Mav Awards 2012

By / Magazine / February 3rd, 2015 / 1

Six years in, the Mav Wine and Spirits Awards focuses on the most interesting assemblage to be released in recent years. And that’s not all. We found amazing number of spirits and beers. Collated and tasted by Tony Aspler, Gurvinder Bhatia, Harry Hertscheg, Rick VanSickle, Evan Saviolidis, Tod Stewart, Sean Wood, Ron Liteplo, Carolyn Evans-Hammond and Jonathan Smithe.


Top Mavs

Burgess Cellars Enveiere 2002, Napa, USA ($43)

A Meritage blend of 5 classic Bordeaux varietals, this is deep garnet and smells entrancingly of strawberry jam drizzled with crème Anglaise, a hint of smoke and marmalade. The high alcohol (14.5%) is evident, but it is otherwise well-balanced and is rich with stewed fruit flavours. Drink now. (RL)*


Black Hills Alibi 2011, Okanagan ($25)

The fragrance charms with scents of citrus, ripe melon, tropical spice and fresh-cut lawn. The medium-body palate fills with white peach, grapefruit and passion fruit. The Sauv Blanc (75%) confers sleekness, while barrel-fermented Sémillon (25%) imbues lingering richness. Spectacular with chili squid. (HH)


Yalumba Octavius Shiraz 2006, Barossa Valley, Australia ($99)

This traditional Barossa Shiraz from Australia’s oldest family-owned winery — Yalumba — is an incredible force. Cascading flavours of black fruit, mocha, liquorice, fig, chocolate, white pepper and on and on. The structure is firm with well-integrated tannins and balanced acidity and alcohol. Long and lush. A top-notch Barossa Shiraz by any yardstick. (CH)



Flying Monkeys Smashbomb Atomic IPA, Ontario ($16.99/6pk)

Copper colour with aroma of citrus hops, tropical fruit and spice; flavours of grapefruit, orange peel, exotic fruit, spices, and a great floral bitterness on the finish. Complex and intriguing. (GB)


Mikkeller Beer Geek Breakfast Oatmeal Stout, Denmark ($7.99)

Lots going on in this beer, but great balance of roasted malt, coffee and chocolate, rich and creamy texture, full flavours, a touch of citrus hoppiness, not overly sweet or bitter, great complexity and a long finish. (GB)


Indie Scotches

James MacArthur’s Fine Malt Selection Glen Ord 12 Year Old ($94.95/700 ml)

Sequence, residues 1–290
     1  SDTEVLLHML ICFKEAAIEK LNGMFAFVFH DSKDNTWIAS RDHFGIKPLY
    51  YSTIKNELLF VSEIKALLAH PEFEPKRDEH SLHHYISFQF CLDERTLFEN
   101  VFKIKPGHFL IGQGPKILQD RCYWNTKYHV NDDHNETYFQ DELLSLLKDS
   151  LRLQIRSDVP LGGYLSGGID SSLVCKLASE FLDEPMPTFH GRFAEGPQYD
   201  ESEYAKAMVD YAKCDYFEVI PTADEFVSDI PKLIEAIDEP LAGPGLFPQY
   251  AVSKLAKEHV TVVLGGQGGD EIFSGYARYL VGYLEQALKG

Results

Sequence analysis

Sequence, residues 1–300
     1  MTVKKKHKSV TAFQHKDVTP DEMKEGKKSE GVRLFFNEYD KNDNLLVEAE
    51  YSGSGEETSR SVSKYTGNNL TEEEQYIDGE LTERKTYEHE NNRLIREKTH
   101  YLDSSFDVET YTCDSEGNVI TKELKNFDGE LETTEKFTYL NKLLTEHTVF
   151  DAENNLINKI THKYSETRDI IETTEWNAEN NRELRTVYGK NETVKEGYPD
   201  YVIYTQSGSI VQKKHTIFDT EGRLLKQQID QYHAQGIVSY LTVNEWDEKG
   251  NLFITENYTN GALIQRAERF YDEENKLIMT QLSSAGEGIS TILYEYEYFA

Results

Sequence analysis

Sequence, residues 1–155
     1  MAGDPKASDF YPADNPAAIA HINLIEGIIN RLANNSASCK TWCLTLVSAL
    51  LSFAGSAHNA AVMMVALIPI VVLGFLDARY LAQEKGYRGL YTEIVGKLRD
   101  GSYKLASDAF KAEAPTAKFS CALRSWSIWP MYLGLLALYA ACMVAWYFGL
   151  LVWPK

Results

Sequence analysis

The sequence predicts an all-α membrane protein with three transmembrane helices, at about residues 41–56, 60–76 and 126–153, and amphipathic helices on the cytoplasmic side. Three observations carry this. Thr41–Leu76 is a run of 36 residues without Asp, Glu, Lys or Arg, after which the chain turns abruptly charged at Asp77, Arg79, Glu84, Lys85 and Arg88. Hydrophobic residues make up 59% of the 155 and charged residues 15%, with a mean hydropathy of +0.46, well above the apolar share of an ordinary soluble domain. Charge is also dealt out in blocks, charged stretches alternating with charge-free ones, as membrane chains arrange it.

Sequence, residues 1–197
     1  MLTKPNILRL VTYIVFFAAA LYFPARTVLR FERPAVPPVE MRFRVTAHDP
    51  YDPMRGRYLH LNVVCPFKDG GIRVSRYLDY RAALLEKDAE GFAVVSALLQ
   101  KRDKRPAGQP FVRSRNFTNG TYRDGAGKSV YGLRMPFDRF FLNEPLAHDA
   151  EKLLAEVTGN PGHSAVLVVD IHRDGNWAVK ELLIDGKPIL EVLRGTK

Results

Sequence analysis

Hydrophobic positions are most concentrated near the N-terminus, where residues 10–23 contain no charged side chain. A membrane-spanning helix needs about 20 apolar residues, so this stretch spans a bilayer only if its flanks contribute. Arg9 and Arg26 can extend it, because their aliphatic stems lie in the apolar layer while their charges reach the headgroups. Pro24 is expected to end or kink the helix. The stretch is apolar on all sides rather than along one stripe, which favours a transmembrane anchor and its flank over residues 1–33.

At once delicate and complex, this malt offers up an expressive nose of toasted grains, mild honey, a whiff of smoke and some fruity notes reminiscent of pear. Mildly spicy on the palate, with sweet barley, vanilla, citrus and cocoa powder. (TS)


Old Masters Linkwood 12 Year Old Single Barrel, Cask #11650 ($136.95/700 ml)

Earthy and slightly briny, with overtones of smoke, tobacco, barley and cloves on the nose. Weighty in the mouth with layers of toasted barley, black pepper, baked apple and some grassy/hay nuances and a hint of anise. Finishes long and warm. (TS)


Old Masters Glendullan 12 Year Old Single Barrel, Cask #5059 ($127.95/700 ml)

Fairly complex aromas sporting notes of roasted grain, beeswax, lanolin, lemon zest and vanilla with hints of cut grass, vanilla and white flowers. Assertive, malty/grainy flavours enhanced by some candied fruit that lingers into the peppery finish. (TS)


Spirited Mavs

Booker’s Small Batch Bourbon 7 years, USA ($69.95)

At 128.6 proof, drinking this bourbon neat can be a bit of a challenge, though many suggest this is the preferred way to enjoy it. Coffee, black pepper, charred wood, vanilla, clove and orange peel characterize the distinctive aromatic profile. Hot, powerful and assertive with spicy/smoky flavours enhanced by tobacco, spicy rye and vanilla bean nuances that carry it into a long, warm finish. (TS)


Eagle Rare 10 Year Old Single Barrel Bourbon, USA ($47.95)

Smoky oak; some sweet toffee notes with a touch of almond and some herbal aromatics. Silky, viscous and complex with some buckwheat honey, blackcurrant and candied orange in the mouth. The finish is long, memorable and seductive. (TS)


Sierra Milenario Tequila Extra Añejo, Mexico ($69.95/700 ml)